Christian Diaspora Movement purpose is to engage Christians to play a major role in the development and the transforming of lives of people of their nation of origin.


We begun at the last conference 2016 to establish Christian Diaspora Alliances for Jamaica ( UK, Canada and US) but at the 2018 conference we want to encourage other Caribbean islands to form similar organizations for their own nation. The alliances are to facilitate the linking of the Diaspora across borders to address issues in their country of origin as well as addressing situations where persons are now living in the Diaspora regions.


The hope is also that there would be linkages of these Alliances from all nationalities across borders so that there can be support and joint ventures in the various locations where people reside. For example, the Alliances in Trinidad and Jamaica could support the working out of socio-economic issues that are shared with input from the wider diaspora Alliances located larger countries such as US and Canada.


Since Africa sees the Caribbean as part of its Diaspora we also want to build connections with Africa and their Diaspora.


We believe the Church and Christians  not only can play a role in bringing change  but can be a catalyst for others to become more involved in bringing change to their nations.

Prof. The Honorable Errol Miller in his lecture on the occasion Bethel Baptist Church 60th Anniversary November 11, 2015, Kingston Jamaica, described the church’s role under the following heading:



“The Church, through the free village movement accomplished four profound outcomes. First, it enabled many among the newly freed to successfully reject the attempt of many planters to use slave housing and provision grounds as leverage to continue the conditions of slavery. Second, enabled the newly freed to use capital saved and expertise developed during slavery to expand and consolidate the space that they had carved out in the domestic economy through enterprise and ingenuity. Third, it laid the foundation of wholesome rural communities and the black middle class of Jamaica. Fourth, the free village idea was constructive, radical and transformative. It allowed previously enslaved to move away for the scene and site of their degradation and humiliation, to debunk the myth of their indolence, to affirm their personhood, to live with dignity, to worship with freedom and to embrace the opportunities of education.”



“No accurate account of the education system that currently exists in Jamaica excludes the impact of the Church in its creation and operation until independence. Government as the major provider and operator of the education system is a phenomenon since independence in 1962. From emancipation to independence the Church was the prime mover in creating education capacity. Since independence the Government has expanded and improved the capacity established by the church. It has Education is a crucial capacity in any nation. The instrumentality of the Church in creating and building education capacity in Jamaica is beyond dispute.”


Building Societies

Rev William J. Gardner, Minister of the North Street Congregational Church, in his book History of Jamaica, first published in 1873, stated that the first building society was founded in 1864 by a ‘few friends anxious to promote the wellbeing of the working and middle classes.’  He stated “Its income at first was small, but in 1871 profits were for the first time declared, and shares, upon which sixteen guineas had been paid by installments of four shillings per month for seven years, were found entitled to five per cent interest making 20 pounds, and a bonus of five pounds nine shillings and six pence in addition. The safety of the project thus proved, great numbers has since joined and its income in 1872 was about twenty thousand pounds. It is purely mutual in its character, and provided many people with excellent homes they could have obtained in no other way.’ What Rev Gardner did not say in his book was that he was the leader of the few friends and the founder of the first building society in Jamaica, the Kingston Benefit Building Society.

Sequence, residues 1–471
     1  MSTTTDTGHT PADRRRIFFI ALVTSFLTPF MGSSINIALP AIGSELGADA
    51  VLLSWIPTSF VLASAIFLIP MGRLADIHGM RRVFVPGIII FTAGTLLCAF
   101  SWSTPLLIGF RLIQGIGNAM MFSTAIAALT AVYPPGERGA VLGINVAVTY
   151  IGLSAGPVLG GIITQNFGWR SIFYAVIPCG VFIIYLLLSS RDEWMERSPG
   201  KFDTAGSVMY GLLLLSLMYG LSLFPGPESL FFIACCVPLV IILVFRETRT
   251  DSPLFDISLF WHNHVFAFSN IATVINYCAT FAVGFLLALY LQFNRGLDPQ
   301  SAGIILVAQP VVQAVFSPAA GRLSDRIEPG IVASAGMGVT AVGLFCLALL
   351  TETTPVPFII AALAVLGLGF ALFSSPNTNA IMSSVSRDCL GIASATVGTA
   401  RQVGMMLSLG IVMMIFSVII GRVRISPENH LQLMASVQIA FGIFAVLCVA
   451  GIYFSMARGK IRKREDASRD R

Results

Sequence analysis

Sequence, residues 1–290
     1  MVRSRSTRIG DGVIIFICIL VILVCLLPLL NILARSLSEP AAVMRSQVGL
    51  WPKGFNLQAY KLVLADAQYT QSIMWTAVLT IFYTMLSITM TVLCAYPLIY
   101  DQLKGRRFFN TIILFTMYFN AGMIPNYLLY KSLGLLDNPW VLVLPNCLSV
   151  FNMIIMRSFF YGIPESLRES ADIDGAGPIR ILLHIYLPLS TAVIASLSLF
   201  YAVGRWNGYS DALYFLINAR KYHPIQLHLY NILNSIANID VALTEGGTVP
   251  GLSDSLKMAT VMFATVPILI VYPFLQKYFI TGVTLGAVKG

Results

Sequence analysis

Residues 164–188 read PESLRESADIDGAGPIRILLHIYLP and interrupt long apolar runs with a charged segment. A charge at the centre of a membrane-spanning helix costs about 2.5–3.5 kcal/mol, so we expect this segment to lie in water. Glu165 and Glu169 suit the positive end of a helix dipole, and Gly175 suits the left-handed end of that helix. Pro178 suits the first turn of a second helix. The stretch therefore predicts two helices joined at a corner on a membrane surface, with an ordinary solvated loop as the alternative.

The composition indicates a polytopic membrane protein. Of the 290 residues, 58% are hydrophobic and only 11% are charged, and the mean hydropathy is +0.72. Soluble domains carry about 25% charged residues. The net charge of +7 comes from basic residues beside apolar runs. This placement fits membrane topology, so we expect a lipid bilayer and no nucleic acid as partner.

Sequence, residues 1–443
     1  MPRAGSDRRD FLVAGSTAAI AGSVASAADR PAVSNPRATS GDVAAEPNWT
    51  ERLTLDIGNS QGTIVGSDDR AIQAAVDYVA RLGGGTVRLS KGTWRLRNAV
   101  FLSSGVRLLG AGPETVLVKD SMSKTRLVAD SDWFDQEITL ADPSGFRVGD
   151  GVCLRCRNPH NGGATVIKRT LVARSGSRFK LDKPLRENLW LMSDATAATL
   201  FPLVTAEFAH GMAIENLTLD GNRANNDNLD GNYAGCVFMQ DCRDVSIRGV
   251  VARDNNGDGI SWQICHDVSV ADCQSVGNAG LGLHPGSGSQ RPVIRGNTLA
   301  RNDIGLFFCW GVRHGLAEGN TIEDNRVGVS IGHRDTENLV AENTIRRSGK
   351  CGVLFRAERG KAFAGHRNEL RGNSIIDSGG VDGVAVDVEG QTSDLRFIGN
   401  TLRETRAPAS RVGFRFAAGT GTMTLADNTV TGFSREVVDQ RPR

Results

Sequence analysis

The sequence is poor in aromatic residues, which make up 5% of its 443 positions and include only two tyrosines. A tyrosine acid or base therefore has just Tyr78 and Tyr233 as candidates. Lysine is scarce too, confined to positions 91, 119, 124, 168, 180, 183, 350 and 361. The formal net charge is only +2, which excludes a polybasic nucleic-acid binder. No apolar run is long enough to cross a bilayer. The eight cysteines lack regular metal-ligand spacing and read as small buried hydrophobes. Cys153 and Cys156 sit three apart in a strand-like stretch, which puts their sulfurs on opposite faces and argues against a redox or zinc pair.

After 1871 the building society concept spread rapidly. Rev Henry Clarke was the earliest adopter in leading the effort to found the Westmoreland Building Society in 1872, followed by Rev Cork in 1874 with the founding of the St James Benefit and Building Society, and in 1878 the Rev Douglas Downer Rector of Kingston with the founding of the Victoria Mutual Building Society. By 1900 almost every parish had a building society for example the St Ann Benefit and Building Society; the St Elizabeth Benefit and Building Society the Manchester Mutual Building Society; the Trelawny Benefit and Building Society and the St Mary Benefit and Building Society”.

It is clear then that the role of building societies (literally) and the concept of a group of people coming together for mutual financial support – the birth building societies – has shaped the Jamaican heritage.  The Jamaica and its diaspora has thrived on this legacy.  It is what has kept the culture in some aspects, and what we are building on in our Christian Diaspora Conference.  Building out the Christian Diaspora Alliances in all diaspora regions is critical to harnessing this heritage. Below is the press release in the UK on the launch of the UK Christian Alliance.